850. 1 Bergh 14:421. (1816); THE REAL THOMAS JEFFERSON, p. 636
851. 1 Ford 7:451. (1800); THE REAL THOMAS JEFFERSON, p. 361
852. 1 Ford 10:225. (1822); THE REAL THOMAS JEFFERSON, p. 361
853. 1 Bergh 16:152. (1826); THE REAL THOMAS JEFFERSON, p. 361
854. 1 Bergh 10:167. (1800); THE REAL THOMAS JEFFERSON, p. 432
855. 1 Bergh 15:332. (1821); THE REAL THOMAS JEFFERSON, p. 623
856. 1 Bergh 15:389. (1822); THE REAL THOMAS JEFFERSON, pp. 432-33
857. 1 To James Madison. Bergh 6:9. (1786); THE REAL THOMAS JEFFERSON, p. 377
858. 1 Bergh 6:227. (1787); THE REAL THOMAS JEFFERSON, p. 377
859. 1 NEW VIEWS, pp. 361-62 @ http://www.constitution.org/jt/jtnvc.htm
860. 1 I believe you will please to allow me two propositions: First, that we are a most loyal people; and, Secondly, that we are a free people, in the common acceptation of that word applied to a subject under a limited monarch. I know very well, that you and I did many years ago in discourse differ much, in the presence of Lord Wharton, about the meaning of that word liberty, with relation to Ireland. But if you will not allow us to be a free people, there is only another appellation left; which, I doubt, my Lord Chief Justice Whitshed would call me to an account for, if I venture to bestow: For, I observed, and I shall never forget upon what occasion, the device upon his coach to be Libertas et natale solum; at the very point of time when he was sitting in his court, and perjuring himself to betray both.[6]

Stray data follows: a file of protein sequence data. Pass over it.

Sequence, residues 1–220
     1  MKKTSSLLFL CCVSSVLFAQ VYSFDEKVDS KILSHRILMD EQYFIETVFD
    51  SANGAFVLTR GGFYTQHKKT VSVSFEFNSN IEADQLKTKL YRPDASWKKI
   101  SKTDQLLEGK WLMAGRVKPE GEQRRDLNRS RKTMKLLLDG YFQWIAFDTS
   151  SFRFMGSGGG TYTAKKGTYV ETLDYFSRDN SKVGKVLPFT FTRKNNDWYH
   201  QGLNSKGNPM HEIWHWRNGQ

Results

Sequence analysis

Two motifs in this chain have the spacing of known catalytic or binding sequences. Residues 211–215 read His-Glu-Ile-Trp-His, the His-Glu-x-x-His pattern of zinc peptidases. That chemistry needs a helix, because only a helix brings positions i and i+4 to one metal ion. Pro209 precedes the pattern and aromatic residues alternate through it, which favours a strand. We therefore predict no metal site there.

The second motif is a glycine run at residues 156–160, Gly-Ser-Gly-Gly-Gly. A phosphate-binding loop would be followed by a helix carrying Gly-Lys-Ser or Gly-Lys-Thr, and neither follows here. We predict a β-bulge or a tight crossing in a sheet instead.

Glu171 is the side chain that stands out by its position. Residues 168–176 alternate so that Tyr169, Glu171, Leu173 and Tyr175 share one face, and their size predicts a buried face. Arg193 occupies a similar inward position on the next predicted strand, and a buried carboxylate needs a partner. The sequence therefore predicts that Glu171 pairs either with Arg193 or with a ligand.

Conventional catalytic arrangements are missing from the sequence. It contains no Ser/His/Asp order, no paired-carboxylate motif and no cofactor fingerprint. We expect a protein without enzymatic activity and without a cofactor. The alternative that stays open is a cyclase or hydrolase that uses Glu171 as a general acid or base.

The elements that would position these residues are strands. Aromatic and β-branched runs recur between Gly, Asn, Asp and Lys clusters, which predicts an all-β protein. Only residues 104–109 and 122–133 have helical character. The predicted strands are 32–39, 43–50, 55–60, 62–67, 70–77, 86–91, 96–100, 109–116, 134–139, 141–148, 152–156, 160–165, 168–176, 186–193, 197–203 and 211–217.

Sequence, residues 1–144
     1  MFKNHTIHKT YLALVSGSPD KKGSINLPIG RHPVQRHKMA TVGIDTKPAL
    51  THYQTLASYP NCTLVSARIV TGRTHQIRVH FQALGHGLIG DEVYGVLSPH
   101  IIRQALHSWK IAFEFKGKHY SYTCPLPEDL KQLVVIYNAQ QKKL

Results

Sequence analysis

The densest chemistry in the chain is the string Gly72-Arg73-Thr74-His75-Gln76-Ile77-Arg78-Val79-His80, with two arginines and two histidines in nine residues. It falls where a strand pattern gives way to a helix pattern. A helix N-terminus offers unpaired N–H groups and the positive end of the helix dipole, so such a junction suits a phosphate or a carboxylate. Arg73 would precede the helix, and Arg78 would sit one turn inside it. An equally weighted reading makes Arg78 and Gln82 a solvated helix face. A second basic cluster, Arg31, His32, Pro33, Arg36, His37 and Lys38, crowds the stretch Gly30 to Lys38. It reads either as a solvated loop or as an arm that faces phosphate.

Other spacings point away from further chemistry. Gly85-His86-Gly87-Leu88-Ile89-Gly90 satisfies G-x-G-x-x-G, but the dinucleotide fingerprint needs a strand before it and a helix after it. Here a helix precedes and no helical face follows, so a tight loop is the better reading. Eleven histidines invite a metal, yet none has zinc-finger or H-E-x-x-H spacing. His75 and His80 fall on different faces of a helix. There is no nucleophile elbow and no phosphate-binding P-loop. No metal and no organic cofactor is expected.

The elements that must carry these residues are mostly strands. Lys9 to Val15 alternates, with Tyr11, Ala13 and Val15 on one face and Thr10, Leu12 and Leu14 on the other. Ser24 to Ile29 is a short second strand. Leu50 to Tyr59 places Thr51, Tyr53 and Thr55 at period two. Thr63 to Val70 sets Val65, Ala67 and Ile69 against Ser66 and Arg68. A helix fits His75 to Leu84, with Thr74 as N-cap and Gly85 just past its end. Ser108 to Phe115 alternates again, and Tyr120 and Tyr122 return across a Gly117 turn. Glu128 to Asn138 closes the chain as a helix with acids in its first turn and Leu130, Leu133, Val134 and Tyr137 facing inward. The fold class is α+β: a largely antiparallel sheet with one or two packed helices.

[Footnote 6: On this motto of Whitshed’s Swift wrote the following poetical paraphrase:
“Libertas et natale solum: Fine words! I wonder where you stole ’em. Could nothing but thy chief reproach Serve for a motto on thy coach? But let me now thy words translate: Natale solum, my estate; My dear estate, how well I love it, My tenants, if you doubt, will prove it, They swear I am so kind and good, I hug them till I squeeze their blood. Libertas bears a large import: First, how to swagger in a court; And, secondly, to shew my fury Against an uncomplying jury; And, thirdly, ’tis a new invention, To favour Wood, and keep my pension; And, fourthly, ’tis to play an odd trick, Get the great seal and turn out Broderick; And, fifthly, (you know whom I mean,) To humble that vexatious Dean: And, sixthly, for my soul to barter it For fifty times its worth to Carteret. Now since your motto thus you construe, I must confess you’ve spoken once true.
Libertas et natale solum. You had good reason when you stole ’em.”
http://www.online-literature.com/swift/drapiers-letters/5/
861. 1 FEDERALIST № 45 @ http://www.constitution.org/fed/federa45.htm
862. 1 FEDERALIST № 45 @ http://www.constitution.org/fed/federa45.htm
863. 1 “In being made. * * * Legal proceedings are . . . in fieri until judgment is entered.” http://books.google.com/books/about/A_law_dictionary_containing_definitions.html?id=R2c8AAAAIAAJ